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Photo Essay: Yartzeit of the Baba Sali Attracts Thousands

The rain did not stop the thousands of pilgrims from visiting the tomb of the famed Kabbalist Rabbi Yisrael Abuhatzeira, the Baba Sali.
By Ben Bresky
First Publish: 1/9/2011, 3:33 AM / Last Update: 1/9/2011, 3:51 PM

Photo Credit: Ben Bresky

The rain did not stop the thousands of pilgrims from visiting the tomb of the venerated Kabbalist Rabbi Yisrael Abuhatzeira, better known as the Baba Sali or "praying father" on the 26th year since his death. The population of the small, mostly working class city of Netivot grows significantly every winter when the anniversary of his passing is marked. A large bonfire burns all night as people throw candles into it. The domed building which houses a synagogue and the burial site of the Baba Sali is packed with worshippers.

A large bonfire burns all night. In the background are the castle-like walls of the complex which houses the tomb of the Baba Sali and a synagogue.

People throw candles into the fire.

Off to the side, tented areas are set up selling religious items such as mezuzot, havdalah candles, and kippot (yarmulkas, or skullcaps). Other items for sale range from musical instruments and Judaica to grilled meats, traditional Moroccan pastries, and more.

    

People pray outside the synagogue. A mix of religious and non-religious Israelis come to pay tribute to the leader.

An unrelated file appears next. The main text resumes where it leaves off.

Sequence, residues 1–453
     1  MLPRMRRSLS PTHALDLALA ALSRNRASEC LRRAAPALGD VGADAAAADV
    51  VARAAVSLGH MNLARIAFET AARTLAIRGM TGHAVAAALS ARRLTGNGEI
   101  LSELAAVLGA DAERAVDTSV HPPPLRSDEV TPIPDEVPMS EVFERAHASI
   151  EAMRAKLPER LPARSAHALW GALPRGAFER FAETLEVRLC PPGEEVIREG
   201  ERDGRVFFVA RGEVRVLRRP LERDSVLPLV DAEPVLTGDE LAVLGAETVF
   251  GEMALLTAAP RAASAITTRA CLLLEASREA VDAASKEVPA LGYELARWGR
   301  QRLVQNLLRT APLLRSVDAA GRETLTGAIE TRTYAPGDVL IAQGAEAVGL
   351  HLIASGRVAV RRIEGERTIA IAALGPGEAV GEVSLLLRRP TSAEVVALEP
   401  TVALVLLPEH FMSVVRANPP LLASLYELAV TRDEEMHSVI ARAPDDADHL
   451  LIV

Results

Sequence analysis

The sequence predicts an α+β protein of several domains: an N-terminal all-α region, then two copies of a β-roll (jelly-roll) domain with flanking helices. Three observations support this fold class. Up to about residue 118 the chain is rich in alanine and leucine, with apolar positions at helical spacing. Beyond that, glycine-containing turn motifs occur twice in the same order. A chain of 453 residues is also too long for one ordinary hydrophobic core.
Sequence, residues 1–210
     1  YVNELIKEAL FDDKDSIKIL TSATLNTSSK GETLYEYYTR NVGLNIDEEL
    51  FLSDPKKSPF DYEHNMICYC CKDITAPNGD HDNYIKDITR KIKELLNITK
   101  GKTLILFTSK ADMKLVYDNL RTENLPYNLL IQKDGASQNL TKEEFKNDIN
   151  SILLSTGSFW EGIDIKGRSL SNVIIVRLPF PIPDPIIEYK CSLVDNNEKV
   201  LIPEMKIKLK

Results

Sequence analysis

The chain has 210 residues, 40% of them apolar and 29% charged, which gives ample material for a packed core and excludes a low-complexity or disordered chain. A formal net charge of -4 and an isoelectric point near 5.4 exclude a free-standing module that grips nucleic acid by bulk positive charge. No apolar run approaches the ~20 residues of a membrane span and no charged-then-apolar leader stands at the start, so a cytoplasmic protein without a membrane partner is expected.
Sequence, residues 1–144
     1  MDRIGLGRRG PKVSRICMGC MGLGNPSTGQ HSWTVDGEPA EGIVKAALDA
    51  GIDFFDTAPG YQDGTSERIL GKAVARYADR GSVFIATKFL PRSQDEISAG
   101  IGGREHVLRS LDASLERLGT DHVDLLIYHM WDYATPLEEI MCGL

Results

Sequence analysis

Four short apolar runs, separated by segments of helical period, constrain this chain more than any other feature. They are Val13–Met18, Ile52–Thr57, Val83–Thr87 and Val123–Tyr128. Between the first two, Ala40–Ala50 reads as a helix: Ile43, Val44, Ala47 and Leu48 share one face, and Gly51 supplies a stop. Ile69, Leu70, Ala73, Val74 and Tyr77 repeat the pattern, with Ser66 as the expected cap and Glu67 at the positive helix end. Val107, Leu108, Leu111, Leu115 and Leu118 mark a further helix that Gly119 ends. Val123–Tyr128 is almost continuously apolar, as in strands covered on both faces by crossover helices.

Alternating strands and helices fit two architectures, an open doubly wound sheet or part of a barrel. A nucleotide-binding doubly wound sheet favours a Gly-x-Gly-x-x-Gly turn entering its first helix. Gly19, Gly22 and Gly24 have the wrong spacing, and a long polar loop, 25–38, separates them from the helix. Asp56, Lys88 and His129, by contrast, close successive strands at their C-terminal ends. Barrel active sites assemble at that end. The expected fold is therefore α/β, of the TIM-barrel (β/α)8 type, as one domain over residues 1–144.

Although the Baba Sali was believed to have mystical abilities, he lived a spartan life devoid of material interests, often fasting and praying throughout the day. He was also one of the main leaders of the immigration to Israel and helped bring nearly the entire Jewish community from Morocco to live in the Holy Land.

      

Baklava and other traditional Moroccan pastries are available.

His home in Netivot was a site for pilgrimages of people seeking his blessing and advice during his lifetime and more than 100,000 people attended his funeral in 1984; since that time, his tomb has become a shrine for pilgrims and petitioners who come often to pray for assistance and intervention in their daily troubles. Many bring their three-year-old sons to his tomb for the traditional "chalaka", i.e. first hair-cutting.

         

A Torah scroll sits on a table in front of the dome of the building which houses the tomb. Traditional Sephardic music is played all night.

A multi-colored van from the Breslov chassidic movement played electronic music.

Rabbi Benayahu Shmueli of the Nahar Shalom Yeshiva is surrounded by friends and supporters.

A man carrying a jembe, or hand drum on his back.

A man carrying a large shofar on his back.

All photos by Ben Bresky.